Happy Kids, Happy Parents, Happy Life was the title of the workshop with homeschool educators. It was truly an honor to share some of the strategies I discovered through the years with new parents.
Frankly, the question and answer session that followed was more revealing than I could have imagined. The major struggle for parents is time, or lack of time, as they see it. For me a person who has had to look in depth at time and how I'm always running out of time before my to-do list is done is that I overextend myself.
As a young 20 something, I had come to accept the fact that more often than not, I was late. As hard as I had tried to be on time, time seemed to get the better of me. It was so bad that when I met my then boyfriend, now husband who is chronically early, I had some self examination to do.
Why the man decided my tardiness could be fixed, I don't know. It was clear that I was hard core late. He would be arriving to pick me up for a date. Polite as he was, I saw him pull up in front of the house and I'd scribble a note to come in on the door and jump in the shower. It had come to the point where I was ashamed at my lack of time management skills. Luckily, for me he wasn't offended by my tardiness even as frustrating as it got for him.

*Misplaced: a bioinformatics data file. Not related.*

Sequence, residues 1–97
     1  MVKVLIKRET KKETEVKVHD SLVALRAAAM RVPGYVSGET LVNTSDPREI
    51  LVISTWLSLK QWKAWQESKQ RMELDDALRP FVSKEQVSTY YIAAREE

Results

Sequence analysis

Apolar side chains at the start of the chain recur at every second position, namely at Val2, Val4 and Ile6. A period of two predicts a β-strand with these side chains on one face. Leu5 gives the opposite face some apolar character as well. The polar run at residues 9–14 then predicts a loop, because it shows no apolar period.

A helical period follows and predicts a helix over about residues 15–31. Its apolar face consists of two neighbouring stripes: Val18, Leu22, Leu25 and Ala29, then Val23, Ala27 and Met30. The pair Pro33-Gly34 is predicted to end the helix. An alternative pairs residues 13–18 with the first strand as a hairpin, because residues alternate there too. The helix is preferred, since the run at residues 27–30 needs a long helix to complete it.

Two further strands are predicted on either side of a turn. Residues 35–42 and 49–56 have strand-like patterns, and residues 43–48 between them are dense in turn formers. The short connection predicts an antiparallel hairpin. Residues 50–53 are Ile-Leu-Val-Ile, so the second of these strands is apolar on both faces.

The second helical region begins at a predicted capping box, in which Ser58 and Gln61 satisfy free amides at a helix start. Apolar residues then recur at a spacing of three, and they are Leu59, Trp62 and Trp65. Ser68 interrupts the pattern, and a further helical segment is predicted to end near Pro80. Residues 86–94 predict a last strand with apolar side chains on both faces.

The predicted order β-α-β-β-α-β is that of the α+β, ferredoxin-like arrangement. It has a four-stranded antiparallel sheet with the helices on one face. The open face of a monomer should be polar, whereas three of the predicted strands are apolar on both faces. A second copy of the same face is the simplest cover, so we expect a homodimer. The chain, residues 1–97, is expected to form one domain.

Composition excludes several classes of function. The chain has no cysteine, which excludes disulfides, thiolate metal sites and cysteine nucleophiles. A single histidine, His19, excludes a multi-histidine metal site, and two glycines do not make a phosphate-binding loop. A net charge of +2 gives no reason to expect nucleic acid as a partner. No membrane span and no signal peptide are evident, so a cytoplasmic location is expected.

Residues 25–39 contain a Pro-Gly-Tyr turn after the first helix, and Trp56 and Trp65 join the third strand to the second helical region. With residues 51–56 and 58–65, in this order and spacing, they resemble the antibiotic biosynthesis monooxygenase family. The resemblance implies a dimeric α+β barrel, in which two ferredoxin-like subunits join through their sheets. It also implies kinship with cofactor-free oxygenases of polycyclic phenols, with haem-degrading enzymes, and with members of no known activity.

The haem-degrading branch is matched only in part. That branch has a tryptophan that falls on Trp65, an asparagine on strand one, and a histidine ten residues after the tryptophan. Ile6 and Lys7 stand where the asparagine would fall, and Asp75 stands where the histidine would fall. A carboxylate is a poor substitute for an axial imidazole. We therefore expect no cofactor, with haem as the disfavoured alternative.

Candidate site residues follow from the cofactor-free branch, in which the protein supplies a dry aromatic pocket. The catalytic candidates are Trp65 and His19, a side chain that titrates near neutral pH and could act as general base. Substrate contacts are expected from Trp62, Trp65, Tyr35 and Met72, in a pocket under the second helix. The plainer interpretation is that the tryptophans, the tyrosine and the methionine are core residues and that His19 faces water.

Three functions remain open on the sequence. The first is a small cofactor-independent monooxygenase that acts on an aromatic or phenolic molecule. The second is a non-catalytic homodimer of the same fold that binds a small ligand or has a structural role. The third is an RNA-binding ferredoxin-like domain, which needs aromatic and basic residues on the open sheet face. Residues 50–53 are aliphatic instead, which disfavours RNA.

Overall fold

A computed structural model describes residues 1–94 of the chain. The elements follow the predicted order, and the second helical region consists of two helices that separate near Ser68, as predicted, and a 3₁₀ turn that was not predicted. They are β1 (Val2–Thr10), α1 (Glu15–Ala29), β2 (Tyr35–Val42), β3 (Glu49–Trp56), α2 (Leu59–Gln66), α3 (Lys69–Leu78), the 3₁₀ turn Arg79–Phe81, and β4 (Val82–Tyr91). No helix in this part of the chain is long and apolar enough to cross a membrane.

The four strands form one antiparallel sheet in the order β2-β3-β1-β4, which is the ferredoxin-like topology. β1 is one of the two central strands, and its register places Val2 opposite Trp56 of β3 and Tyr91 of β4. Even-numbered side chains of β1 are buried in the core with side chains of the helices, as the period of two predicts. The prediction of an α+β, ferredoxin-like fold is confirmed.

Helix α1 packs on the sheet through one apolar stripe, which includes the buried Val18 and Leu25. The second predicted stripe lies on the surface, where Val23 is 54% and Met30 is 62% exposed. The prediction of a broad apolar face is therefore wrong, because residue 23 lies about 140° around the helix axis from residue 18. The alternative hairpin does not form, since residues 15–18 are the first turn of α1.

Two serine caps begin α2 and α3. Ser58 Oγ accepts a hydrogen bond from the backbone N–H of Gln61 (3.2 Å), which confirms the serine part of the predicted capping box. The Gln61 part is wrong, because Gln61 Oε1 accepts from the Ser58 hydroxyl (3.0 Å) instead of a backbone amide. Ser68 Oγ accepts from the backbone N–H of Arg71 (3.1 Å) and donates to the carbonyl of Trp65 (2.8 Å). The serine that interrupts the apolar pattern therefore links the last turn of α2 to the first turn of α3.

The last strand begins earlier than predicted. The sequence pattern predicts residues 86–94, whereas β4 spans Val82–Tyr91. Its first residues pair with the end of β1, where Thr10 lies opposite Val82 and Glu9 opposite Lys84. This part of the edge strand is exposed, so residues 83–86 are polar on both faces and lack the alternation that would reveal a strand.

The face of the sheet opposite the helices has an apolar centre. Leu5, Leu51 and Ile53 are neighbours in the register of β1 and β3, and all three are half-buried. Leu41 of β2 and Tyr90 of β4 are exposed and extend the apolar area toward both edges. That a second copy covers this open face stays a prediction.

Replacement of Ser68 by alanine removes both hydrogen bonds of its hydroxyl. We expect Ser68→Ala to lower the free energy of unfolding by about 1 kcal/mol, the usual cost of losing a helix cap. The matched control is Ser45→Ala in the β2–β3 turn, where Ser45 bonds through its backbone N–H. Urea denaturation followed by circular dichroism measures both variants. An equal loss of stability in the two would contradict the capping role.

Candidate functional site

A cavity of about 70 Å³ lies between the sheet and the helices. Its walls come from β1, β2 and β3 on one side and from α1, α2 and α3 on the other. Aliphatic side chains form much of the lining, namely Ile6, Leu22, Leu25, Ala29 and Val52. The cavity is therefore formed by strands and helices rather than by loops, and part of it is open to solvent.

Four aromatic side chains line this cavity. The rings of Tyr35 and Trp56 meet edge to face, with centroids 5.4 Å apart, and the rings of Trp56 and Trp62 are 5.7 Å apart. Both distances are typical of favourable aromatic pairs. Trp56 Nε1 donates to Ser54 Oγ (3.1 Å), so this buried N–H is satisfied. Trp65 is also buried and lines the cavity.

Fast forward to three kids under 5 years old and my time crunch as I called really became an impairment. There were days we just didn't go anywhere because I wasn't able to get four people dressed and out the door in time to make play dates.
Suddenly, the pieces fell into place for me. It was all in the preparation. For those of you who are not time challenged, it's a no brainer, but for those of us who aren't so wise, step by step instruction are required... and a watch.
You might call me an optimist because I was always optimistic about how much I could get done in a period of time, always optimistic about traffic and how long it would take to get somewhere, and always optimistic about my kids being blissfully helpful or at least compliant when it came to getting in the car. Thankfully, I'm not the only mom with this affliction but there came a time when I decided that my lack of time management was setting a poor example for my kids.
That was the day I decided to change. It all became clear that I needed to be at least a realist, if not a pessimist when it came to time. By changing this point of view, changing from leaving 30 minutes to get ready to leave, I would plan an exit strategy an hour ahead. For special events, preparation began the night before.
An amazing thing happened, I started to be on time, and sometimes, although not often, early. It felt weird to be early, good but weird.
Since that realization, I've come to the conclusion that optimistic tardiness is in the DNA. Thankfully, my husband contributed the arriving early gene. So with three kids, they naturally present at each point of the spectrum: one is naturally early, one is naturally on time and one is naturally tardy. For the optimistic tardy child, I've been able to offer sympathy and strategies to overcome lateness.
Encouraging other parents to overcome difficulties is such a rewarding experience. I now look at my trial as a blessing so I could share solution strategies with parents who realize being on time doesn't have to be traumatic but a pleasant experience for everyone.